BEIJING, June 9 (Xinhua) -- Highly efficient power supply has kept the combination of the Tianzhou-2 cargo craft and China's space station core module Tianhe operating stably.
China sent into space the Tianhe module on April 29, kicking off a series of key launch missions that aim to complete the construction of the space station by the end of 2022.
The country launched Tianzhou-2 on May 29, which successfully docked with Tianhe in about eight hours to deliver supplies, equipment and propellant.
Both the core module and cargo craft are equipped with independent power supply systems. After docking, the two systems can form a connected grid and achieve mutual transmission of electric power.
"The two independent systems work like two smartphones," said Yu Lei, an engineer in charge of power supply to the Tianzhou-2 project. "They can undergo both separate and mutual charging."
When docking with the space station, Tianzhou-2 is in sleep mode and has relatively lower power demand. Its solar panels can provide abundant power most of the time, and the surplus is stored to be used for astronaut activities and scientific research that requires higher energy consumption.
"Its solar panels not only fulfill the power demand of Tianzhou-2 directly, but also charge its batteries," said Wang Zhenxu, a designer of the power supply system of the Tianzhou-2 project.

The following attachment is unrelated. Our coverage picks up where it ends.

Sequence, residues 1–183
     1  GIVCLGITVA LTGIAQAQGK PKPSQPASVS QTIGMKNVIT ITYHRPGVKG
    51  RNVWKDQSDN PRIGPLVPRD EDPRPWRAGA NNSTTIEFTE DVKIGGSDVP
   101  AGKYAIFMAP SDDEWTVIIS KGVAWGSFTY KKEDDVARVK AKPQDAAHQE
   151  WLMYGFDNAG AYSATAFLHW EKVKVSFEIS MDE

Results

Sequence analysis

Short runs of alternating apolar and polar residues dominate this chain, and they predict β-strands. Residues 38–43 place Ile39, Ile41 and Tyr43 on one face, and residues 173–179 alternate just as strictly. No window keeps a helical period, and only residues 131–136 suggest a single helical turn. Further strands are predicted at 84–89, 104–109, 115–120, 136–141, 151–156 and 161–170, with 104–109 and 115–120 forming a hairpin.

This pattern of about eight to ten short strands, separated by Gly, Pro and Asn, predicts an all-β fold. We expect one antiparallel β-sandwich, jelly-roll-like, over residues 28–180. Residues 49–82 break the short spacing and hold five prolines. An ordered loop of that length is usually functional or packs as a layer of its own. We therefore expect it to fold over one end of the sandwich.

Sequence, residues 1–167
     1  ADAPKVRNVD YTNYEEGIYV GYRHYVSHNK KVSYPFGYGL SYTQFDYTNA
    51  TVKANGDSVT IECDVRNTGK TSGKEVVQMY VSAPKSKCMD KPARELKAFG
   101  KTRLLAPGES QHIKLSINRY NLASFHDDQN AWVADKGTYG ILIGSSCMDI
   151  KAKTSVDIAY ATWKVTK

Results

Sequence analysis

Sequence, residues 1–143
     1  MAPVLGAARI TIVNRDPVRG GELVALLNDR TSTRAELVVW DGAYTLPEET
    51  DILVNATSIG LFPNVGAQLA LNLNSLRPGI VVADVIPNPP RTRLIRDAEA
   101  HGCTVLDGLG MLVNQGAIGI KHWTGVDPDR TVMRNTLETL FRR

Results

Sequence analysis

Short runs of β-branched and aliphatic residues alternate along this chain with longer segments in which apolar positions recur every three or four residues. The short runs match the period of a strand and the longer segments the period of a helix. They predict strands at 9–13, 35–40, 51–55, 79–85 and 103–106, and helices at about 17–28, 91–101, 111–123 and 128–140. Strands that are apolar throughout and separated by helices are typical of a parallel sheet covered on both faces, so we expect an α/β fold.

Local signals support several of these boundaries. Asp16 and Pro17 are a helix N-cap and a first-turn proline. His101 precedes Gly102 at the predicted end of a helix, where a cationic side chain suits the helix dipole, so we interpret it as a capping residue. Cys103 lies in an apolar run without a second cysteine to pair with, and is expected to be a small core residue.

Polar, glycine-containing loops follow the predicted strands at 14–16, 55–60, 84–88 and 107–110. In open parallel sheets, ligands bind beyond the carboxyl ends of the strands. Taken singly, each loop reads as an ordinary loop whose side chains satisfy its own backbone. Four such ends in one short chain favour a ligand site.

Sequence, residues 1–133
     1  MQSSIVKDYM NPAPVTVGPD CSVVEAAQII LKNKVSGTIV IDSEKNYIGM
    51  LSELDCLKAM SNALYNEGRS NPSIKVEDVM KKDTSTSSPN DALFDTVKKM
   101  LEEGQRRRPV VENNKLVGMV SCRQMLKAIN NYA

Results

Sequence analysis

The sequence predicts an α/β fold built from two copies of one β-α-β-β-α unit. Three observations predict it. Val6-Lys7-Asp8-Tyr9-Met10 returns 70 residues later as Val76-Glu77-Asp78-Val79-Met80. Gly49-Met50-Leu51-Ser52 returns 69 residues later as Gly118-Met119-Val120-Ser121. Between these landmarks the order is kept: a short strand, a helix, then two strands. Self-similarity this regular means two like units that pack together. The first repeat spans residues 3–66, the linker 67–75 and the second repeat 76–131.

Researchers estimate that it takes 91 minutes for the space station to go around Earth in the low-Earth orbit, during which it can receive sunlight for about 54 minutes. The solar panels thus experience the light-shade cycle about 16 times every day.
The three sets of lithium ion batteries power the entire cargo craft when the combination enters the shadow areas. The solar panels work again after it moves into the sunlight, and continue supplying power and charging.
The core module Tianhe is powered by third-generation flexible GaAs (gallium arsenide) solar panels, which provide high power output, are light, small when folded, have long in-orbit life, and can be repeatedly folded and unfolded.
The thickness of a solar panel is less than one millimeter, only half of the weight per unit area of the traditional solar arrays.
The power area of Tianhe's solar panels covers 80 square meters, which can provide 20 KW power to the core module, said Yu Hui, designer of the solar panels.
The researchers carried out a large number of ground simulation tests to verify the environmental protection technology used in the solar panels to help them endure almost 90,000 high and low temperature alternating cycles ranging from 100 to minus 100 degrees Celsius in orbit as well as the complex space environment.
The design life of the solar panels is up to 15 years, and they can work effectively for the space station project, Yu Hui said. Enditem